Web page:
Thanks for listening to the Better Leaders, better Schools podcast, Ruckus Maker. How would you like to lead with confidence, swap exhaustion for energy? Turn your critics into cheerleaders and so much more. The Ruckus Maker Mastermind is a world-class leadership program designed for growth-minded school leaders. Just like you. Go to Better Leaders, better schools.com/mastermind. Learn more about our program and fill out the application. We’ll be in touch within 48 hours to talk about how we can help you be even more effective. And by the way, we have cohorts that are diverse and mixed up. We also have cohorts just for women in leadership and a BIPOC only cohort as well. When you’re ready to level up, go to BetterLeadersbetterschools.com/mastermind and fill out the application. Thanks again for listening to the show. Bye for now and “Go, make a ruckus.”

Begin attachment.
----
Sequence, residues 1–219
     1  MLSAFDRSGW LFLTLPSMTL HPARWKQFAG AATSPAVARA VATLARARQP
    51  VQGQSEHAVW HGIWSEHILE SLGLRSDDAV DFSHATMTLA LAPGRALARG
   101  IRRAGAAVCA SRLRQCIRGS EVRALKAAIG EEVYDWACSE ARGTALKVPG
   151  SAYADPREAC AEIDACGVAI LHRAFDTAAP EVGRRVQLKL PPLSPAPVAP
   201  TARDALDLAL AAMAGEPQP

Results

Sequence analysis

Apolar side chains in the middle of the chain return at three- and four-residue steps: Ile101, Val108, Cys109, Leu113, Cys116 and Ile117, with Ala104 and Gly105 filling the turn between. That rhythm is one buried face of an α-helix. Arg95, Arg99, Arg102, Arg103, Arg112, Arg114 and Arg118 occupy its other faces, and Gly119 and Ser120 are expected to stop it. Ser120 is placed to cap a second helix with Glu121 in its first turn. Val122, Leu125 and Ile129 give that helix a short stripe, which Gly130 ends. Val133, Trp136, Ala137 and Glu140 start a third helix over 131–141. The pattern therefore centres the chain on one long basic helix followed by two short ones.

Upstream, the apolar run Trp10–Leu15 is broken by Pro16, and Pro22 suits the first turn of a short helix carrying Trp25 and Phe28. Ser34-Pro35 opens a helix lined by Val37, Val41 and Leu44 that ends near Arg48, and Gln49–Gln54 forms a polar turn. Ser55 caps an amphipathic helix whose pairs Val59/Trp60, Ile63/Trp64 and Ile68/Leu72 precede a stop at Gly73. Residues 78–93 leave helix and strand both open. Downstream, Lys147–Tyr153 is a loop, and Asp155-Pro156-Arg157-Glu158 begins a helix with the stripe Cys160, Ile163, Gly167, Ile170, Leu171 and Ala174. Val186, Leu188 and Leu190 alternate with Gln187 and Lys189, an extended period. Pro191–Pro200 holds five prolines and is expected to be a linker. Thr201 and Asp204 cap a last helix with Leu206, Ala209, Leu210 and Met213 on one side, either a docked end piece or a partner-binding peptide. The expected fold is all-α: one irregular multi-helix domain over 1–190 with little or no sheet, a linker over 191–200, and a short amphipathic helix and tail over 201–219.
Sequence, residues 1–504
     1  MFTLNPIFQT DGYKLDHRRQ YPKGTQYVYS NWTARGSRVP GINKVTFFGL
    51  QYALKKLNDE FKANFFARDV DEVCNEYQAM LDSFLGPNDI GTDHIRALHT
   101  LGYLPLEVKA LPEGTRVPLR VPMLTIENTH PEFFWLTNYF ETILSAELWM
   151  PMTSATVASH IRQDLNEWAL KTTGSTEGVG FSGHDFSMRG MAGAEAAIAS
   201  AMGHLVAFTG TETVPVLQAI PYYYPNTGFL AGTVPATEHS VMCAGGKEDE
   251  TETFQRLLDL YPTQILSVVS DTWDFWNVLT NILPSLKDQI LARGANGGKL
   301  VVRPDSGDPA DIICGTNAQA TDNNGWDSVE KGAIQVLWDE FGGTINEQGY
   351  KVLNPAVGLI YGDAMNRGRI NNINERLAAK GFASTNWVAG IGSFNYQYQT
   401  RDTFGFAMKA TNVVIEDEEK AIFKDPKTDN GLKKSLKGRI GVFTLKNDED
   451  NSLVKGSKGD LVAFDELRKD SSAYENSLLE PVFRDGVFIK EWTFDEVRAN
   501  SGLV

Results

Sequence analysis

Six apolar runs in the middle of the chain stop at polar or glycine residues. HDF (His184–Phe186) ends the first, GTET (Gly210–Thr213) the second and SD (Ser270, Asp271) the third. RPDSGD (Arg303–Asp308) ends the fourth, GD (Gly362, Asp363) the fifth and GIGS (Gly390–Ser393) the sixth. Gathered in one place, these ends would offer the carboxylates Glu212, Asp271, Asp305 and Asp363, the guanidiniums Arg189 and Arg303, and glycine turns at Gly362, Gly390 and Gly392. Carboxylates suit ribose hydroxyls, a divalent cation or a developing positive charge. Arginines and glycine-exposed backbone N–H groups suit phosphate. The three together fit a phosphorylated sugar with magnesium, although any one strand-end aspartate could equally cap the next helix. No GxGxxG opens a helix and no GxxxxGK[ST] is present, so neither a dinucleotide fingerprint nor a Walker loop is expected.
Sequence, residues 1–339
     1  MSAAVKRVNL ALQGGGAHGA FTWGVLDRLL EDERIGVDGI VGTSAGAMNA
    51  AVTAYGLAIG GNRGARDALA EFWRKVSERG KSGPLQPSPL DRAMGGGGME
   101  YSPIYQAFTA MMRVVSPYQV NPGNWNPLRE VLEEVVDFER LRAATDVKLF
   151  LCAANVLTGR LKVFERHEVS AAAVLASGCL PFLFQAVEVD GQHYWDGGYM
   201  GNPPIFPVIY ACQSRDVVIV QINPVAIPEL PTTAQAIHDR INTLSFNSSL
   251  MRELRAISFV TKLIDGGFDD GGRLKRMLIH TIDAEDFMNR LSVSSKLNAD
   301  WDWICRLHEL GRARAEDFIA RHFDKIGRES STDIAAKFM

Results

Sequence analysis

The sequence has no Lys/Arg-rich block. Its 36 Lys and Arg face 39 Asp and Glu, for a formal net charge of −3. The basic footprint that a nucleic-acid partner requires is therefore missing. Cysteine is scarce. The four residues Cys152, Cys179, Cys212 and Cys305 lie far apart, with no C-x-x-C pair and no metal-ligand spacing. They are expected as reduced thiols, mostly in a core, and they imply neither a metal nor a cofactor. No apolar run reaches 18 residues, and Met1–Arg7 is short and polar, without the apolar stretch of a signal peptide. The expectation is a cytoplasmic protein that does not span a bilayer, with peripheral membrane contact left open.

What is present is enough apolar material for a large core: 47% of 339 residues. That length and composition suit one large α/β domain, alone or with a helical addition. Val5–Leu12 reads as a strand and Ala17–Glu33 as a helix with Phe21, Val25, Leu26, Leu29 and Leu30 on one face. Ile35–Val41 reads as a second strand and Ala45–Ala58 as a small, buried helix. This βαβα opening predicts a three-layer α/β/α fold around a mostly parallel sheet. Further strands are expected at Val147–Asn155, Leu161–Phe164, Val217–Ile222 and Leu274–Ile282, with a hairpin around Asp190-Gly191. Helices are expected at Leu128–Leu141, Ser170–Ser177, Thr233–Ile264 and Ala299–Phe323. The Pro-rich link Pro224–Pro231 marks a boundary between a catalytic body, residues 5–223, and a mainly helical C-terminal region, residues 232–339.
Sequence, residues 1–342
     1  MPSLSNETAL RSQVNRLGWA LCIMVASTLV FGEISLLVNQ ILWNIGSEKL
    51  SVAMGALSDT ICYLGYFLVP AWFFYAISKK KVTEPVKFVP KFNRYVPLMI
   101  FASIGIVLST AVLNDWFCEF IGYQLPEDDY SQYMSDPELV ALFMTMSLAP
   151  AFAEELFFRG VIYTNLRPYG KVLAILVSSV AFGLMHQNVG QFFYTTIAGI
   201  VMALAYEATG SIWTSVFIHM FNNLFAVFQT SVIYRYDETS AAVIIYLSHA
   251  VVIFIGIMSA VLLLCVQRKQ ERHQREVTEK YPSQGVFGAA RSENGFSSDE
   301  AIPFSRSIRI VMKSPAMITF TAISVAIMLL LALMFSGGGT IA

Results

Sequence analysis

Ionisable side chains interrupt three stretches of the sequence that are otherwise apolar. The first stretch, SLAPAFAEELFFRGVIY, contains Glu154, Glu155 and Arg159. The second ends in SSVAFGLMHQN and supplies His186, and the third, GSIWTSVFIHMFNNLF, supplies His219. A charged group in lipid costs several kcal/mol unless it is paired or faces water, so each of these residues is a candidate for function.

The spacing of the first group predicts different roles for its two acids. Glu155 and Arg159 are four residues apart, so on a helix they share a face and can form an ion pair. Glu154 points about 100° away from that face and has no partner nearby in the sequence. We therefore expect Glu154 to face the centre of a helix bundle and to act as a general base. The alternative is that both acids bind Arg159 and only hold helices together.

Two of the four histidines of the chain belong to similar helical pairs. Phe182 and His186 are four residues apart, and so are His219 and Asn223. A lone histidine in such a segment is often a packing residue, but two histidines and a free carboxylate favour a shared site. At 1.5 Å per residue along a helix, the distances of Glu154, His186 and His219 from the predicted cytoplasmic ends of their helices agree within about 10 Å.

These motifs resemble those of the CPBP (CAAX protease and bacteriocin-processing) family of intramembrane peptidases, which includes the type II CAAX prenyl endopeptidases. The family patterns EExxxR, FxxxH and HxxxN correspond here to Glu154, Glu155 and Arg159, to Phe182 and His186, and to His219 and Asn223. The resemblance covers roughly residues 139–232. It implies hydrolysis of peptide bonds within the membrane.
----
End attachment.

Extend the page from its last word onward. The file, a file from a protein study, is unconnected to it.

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Why do students struggle? I’d argue that they lack access to quality instruction, but think about it. That’s totally out of their control. What if there was something we could teach kids there was something within their control that would help them be successful in every class? It’s not a magic pill or a figment of your imagination.